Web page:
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Germanic Military Jaeger Rifle, c. 1760-80

Discussion in 'vBench (Works in Progress)' started by garyjd, Feb 22, 2007.

  1. garyjd Well-Known Member

    Country:
    United-States
    This is a 1/24 model that I built of a Jaeger Rifle sometime ago. This piece is looking like it's destined to be cast. I'll have more information once it reaches it's destination. Here are a few pictures that I took today.

    Attached Files:

  2. bonehead A Fixture

    Country:
    United-States
    Kewl!!

    Nice job Gary! Are we talking American Revolution here? Also, how did you lay up the basic gun? Putty, plastic? Did you make a scale photocopy and match that, or just eyeball it?

    Mike
  3. garyjd Well-Known Member

    Country:
    United-States
    Rifle

    Mike, Thanks, I appreciate it. This was done for a Jaeger from the American Revolution. In the past few years I've tried to stick more to scales, i.e. 1/32, 1/24 instead of sizes like 54mm and 75mm. A lot of my better references have photos and line drawings of weapons and equipment complete with measurements. So if I want to give a 5' 4" rifleman a rifle that is 5' 10" I can do it. I basically shrink down a photo or line drawing to the scale size. I usually make a template from this, minus the barrel. I either glue the template to the first layer of plastic, or I trace around it and onto the plastic. Then several layers of plastic are glued together until the stock is the desired thickness. The stock is done in two parts. The first is the butt of the stock up to the portion of the lock that is in front of the trigger guard. The second is the part of the stock that holds most of the barrel. A piece of round brass rod is used for the barrel. These steps get me to the basic stock shape complete with a barrel. The hardware of the musket/rifle is usually done with mostly putty.~Gary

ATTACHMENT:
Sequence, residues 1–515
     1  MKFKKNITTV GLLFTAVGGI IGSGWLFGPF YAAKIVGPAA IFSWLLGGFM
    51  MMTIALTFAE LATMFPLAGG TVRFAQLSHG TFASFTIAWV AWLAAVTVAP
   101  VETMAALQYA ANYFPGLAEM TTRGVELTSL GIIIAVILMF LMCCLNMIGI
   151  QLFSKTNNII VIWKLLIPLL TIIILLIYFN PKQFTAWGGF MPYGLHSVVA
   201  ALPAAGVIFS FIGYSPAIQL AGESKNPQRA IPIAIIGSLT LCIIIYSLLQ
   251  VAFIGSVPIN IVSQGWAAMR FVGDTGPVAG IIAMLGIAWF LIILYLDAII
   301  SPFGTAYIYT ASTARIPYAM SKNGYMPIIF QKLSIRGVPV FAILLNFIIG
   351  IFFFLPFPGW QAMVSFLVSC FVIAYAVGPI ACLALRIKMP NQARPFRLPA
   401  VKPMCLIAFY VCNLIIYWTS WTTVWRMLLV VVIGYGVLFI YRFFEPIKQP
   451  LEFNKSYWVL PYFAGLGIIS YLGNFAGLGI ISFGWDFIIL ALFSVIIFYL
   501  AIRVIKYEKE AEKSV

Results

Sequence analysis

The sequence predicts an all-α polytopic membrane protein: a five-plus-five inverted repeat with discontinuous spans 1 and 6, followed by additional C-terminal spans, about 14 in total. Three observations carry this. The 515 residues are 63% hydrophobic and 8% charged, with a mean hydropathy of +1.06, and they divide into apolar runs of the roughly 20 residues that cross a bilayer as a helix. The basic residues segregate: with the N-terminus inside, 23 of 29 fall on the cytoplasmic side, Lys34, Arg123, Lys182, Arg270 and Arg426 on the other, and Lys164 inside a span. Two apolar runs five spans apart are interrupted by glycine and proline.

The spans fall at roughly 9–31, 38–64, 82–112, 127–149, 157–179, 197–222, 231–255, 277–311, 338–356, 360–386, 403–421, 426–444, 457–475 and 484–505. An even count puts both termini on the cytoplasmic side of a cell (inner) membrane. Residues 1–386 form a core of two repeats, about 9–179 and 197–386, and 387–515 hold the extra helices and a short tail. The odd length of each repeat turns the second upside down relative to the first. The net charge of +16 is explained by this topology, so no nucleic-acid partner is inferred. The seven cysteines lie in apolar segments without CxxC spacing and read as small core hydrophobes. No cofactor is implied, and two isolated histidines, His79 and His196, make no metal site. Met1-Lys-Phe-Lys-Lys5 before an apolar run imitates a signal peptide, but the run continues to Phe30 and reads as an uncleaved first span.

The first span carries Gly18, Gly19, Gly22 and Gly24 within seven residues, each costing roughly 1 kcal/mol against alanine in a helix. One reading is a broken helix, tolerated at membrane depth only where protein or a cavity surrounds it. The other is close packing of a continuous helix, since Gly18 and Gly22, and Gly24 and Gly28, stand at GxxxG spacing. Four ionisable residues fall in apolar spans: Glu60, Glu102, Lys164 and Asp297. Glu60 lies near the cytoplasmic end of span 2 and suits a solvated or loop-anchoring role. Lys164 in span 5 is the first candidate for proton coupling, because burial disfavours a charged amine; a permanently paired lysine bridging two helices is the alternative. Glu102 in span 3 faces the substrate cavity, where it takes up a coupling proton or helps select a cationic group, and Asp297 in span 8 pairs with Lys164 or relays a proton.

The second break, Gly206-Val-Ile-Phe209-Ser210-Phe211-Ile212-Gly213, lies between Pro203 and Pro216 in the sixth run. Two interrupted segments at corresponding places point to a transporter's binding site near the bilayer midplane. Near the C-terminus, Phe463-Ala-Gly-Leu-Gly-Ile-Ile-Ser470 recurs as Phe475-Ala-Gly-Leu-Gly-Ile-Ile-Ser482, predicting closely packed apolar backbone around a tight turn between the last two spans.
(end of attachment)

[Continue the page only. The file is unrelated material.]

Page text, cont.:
4. evofive New Member

    Country:
    England
    Thats Excellent!!I just made one of these myself recently for a 80mm Hessian jaeger figure. I found reference pretty hard to come by or at least inconclusive . I made mine with a hexagonal barrel using a thin allen key, is this wrong for a AWI figure? Top job , makes me feel like going back and making mine over again.
    all the best
    Maurice
  5. garyjd Well-Known Member

    Country:
    United-States
    Maurice, Thanks you. I have a couple of references that show multiple views of Jaeger rifles in collections here in America. The barrel is the only part that was a dilema. I have/had no hexagonal stock to use for the barrel. I thought about shaping it using plastic, but thought it would be too time consuming to get even mediocre results at best. I would like to do a couple more rifles but the hexagonal shape of the barrels and lack of proper material prevents me from doing them.~Gary